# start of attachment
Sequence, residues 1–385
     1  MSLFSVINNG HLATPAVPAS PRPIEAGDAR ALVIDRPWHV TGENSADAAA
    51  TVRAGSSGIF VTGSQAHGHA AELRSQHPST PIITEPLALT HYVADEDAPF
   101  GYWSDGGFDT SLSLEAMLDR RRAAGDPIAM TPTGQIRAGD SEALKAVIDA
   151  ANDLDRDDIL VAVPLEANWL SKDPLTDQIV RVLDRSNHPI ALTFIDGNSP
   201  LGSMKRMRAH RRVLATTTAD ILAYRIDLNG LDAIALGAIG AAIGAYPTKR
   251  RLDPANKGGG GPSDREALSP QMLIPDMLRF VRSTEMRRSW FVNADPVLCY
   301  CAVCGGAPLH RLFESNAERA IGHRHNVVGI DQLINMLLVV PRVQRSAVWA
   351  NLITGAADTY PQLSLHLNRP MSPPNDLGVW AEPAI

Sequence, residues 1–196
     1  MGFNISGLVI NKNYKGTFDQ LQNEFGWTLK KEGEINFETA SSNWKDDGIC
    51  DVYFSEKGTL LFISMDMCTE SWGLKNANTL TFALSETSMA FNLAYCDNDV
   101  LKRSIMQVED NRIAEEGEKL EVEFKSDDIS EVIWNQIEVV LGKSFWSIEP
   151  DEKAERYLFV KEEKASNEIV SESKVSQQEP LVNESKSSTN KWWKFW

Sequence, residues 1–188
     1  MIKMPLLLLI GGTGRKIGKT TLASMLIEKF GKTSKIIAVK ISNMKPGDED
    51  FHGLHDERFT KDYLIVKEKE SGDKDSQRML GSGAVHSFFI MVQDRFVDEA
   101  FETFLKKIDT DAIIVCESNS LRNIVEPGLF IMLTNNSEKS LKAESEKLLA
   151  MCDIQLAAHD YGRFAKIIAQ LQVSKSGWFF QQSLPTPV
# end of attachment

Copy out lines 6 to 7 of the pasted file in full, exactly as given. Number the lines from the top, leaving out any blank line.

   201  LGSMKRMRAH RRVLATTTAD ILAYRIDLNG LDAIALGAIG AAIGAYPTKR
   251  RLDPANKGGG GPSDREALSP QMLIPDMLRF VRSTEMRRSW FVNADPVLCY